A number of trees have been cut down in a forest though to be strictly safeguarded against environmental destruction in central Vietnam, yet local authorities seem to be unable to identify any specific instances of illegal logging.
After receiving reports from residents claiming their trees had been chopped and timber had been stolen, Tuoi Tre (Youth) newspaper journalists made their own journey through a 324 hectares forest in Tra Doc Commune in Bac Tra My District, Quang Nam – a province notorious for its lax forest oversight.
Only stumps ranging from .5 to 1 meter long remained in large sections of the forest that sit just under 100 meters away from an under-construction mountain road.
In the past, several types of trees, including threatened species such as erythrophleum fordii, madhuca pasquieri, and bullet wood shaded the forest.
Now, just a few remain.
|A logged tree in Quang Nam Province, central Vietnam. Photo: Tuoi Tre|
A local man said the illegal logging started many years ago and has become increasingly frequent since the construction of the mountain road, Truong Son Dong, began several months ago.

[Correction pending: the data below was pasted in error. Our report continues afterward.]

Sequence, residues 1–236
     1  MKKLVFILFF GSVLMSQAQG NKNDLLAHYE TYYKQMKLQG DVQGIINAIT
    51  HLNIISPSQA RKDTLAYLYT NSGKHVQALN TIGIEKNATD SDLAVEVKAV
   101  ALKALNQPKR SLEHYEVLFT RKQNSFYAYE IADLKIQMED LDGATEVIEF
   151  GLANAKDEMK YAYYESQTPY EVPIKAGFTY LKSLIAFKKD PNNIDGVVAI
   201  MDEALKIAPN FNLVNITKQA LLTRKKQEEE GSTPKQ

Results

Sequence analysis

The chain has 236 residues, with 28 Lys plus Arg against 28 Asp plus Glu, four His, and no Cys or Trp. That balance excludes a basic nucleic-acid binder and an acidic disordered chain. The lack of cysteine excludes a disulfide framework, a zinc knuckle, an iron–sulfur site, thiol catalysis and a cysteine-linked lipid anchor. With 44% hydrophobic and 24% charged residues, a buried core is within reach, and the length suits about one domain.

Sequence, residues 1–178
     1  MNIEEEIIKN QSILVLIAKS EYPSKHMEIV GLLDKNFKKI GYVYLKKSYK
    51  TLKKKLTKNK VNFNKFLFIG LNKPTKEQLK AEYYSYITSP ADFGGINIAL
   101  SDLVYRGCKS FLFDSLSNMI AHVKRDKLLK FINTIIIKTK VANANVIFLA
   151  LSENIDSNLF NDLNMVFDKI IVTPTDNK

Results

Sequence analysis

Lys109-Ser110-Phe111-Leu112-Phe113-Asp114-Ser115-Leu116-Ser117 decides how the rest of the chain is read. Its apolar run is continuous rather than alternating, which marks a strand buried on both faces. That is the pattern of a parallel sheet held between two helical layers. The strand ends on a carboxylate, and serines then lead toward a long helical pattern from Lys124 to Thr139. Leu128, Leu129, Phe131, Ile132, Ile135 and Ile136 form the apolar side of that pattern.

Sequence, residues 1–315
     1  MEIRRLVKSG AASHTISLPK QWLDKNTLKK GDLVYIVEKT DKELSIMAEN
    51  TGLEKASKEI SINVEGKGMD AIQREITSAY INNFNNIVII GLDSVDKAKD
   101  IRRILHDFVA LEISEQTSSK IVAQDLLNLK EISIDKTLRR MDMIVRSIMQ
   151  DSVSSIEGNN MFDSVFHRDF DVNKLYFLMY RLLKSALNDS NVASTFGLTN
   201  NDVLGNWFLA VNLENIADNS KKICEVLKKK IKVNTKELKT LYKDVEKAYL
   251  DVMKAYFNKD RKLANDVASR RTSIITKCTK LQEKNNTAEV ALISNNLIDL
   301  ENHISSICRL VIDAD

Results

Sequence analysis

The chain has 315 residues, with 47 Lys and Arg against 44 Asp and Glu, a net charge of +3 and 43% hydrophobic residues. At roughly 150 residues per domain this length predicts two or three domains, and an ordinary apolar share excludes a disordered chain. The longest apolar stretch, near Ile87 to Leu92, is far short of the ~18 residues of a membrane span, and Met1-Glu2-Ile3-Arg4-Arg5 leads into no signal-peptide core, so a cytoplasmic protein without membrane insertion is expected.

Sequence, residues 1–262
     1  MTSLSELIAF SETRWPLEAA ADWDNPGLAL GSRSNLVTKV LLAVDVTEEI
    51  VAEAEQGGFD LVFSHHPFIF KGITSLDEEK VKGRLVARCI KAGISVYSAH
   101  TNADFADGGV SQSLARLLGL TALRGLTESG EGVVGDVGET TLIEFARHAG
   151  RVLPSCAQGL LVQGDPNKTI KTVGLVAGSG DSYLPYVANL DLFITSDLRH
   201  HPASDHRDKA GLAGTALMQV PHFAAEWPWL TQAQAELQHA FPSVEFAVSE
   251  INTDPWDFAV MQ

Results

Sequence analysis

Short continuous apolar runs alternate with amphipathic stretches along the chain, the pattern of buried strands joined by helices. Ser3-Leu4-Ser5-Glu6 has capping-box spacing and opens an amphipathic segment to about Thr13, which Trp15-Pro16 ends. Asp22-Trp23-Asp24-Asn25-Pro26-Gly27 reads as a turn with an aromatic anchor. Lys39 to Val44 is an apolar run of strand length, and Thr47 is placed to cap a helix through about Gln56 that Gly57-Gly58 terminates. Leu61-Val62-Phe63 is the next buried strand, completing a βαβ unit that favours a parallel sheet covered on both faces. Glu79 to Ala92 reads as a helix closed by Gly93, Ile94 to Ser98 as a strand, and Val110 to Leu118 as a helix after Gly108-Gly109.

“They even cut down trees in broad daylight. We could only stand and took pictures from far away. We were scared to get close in case they decided to attack us,” the man said.
Along a trail leading to the forest were obvious traces that locals said were left by water buffalos used to pull the logs.
The path comes to an end at a denuded hill.
|A man walks up a hill full of stumps in Quang Nam Province, central Vietnam. Photo: Tuoi Tre|
A stump with a circumference as large as the stretched arms of five adults lay there, freshly cut.
Dozens of burned, smaller trees and a few logs that must have been discarded due to their ill form also lay at the bottom of the hill.
The scale of destruction grew larger as one moved further into the center of the forest, raising the question: “How has such massive scale illegal logging gone unnoticed?”
Forest protection duties in the area are expected to be carried out by rangers and the local community groups whose members are paid VND300,000-400,000 ($13-17) a year by the government, according to Ho Van Loi – chairman of the administration in Tra Doc Commune.
Loi said the people in charge do patrol the forest but have never received reports of illegal logging, which the government deems inviolable.
The official believed it was the rangers and community-based groups who are responsible for the forest damage.
But Le Van Truong, head of forest management the Bac Tra My District, where the forest is located, said that protecting the local environment is the Tra Doc Commune administration’s duty and his rangers only play an assisting role.
Truong stressed that his department discovered 112 cases of illegal logging and seized 104 cubic meters of wood in the district since the beginning of this year but no such cases have been found or reported in Tra Doc Commune.